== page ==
European Commission Vice President Neelie Kroes, responsible for the Digital Agenda, wants public authorities to include IT standards in their procuring of software and IT solutions. She says this will tackle the problem of IT vendor lock-in "at its origin".
Kroes earlier this month sent a reply to Christian Ude, the mayor of the German city of Munich. Her letter was made public by the city yesterday.
In a post on its blog, the city's IT department explains that Ude had in his letter asked Kroes and Joaquin Almunia, Vice President and Commissioner responsible for competition, to get the EC to adopt the Open Document Format (ODF) as a standard format for document exchange. Ude had also asked the EC to make more use of open source software.
In her reply, Kroes points out that with her Digital Agenda for Europe, she is helping public administrations to get their IT procurement right. "Since public authorities should make best use of the full range of standards when procuring software and IT services, this (...) will tackle the problem at its origin by providing guidance to help public authorities use standards in procurement."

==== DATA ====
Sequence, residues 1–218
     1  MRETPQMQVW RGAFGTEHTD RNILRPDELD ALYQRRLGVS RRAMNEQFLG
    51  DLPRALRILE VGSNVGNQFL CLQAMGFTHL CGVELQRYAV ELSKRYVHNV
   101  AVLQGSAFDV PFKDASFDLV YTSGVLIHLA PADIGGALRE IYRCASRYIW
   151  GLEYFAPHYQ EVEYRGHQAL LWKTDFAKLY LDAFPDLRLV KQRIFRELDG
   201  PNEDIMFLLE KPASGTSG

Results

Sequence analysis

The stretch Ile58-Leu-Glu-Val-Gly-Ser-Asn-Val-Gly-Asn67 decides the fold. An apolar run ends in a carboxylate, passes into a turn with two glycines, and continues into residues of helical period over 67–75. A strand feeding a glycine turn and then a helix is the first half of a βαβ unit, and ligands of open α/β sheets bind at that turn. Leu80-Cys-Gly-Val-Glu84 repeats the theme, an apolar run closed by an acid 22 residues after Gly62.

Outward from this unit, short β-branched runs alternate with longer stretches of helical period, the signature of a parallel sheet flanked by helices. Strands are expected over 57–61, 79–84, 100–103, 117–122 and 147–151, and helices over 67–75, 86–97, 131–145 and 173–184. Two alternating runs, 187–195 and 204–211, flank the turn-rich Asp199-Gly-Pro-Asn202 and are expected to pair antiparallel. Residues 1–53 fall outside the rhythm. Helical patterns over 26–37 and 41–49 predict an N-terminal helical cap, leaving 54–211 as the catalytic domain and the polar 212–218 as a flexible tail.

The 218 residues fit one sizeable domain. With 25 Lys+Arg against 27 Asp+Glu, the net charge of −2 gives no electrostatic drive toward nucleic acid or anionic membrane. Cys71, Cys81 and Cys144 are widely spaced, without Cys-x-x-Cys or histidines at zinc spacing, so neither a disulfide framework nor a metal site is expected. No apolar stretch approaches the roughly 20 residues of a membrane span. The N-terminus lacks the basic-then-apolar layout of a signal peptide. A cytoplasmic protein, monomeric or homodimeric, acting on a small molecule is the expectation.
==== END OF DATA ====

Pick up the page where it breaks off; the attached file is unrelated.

She says that her Digital Agenda is 'raising the stakes to achieve better interoperability and standards for a more efficient procurement'. "(Interoperability) empowers the users to make the best choice without being locked-in."
The Vice President also points out that EC officials can use ODF as well as PDF (Portable Document Format) when communicating with citizens.
Kroes: "I am glad to see that Munich has progressed in developing its IT applications and infrastructure and encourage you to continue in this line and to pass on you interesting results to other public administrations in Europe."
Blog post by Munich's IT department (in German)
Letter by EC Vice President Neelie Kroes (in English, pdf)
Letter by EC Vice President Neelie Kroes (translated into German, pdf)
Earlier Joinup news item
Digital Agenda for Europe - Action 23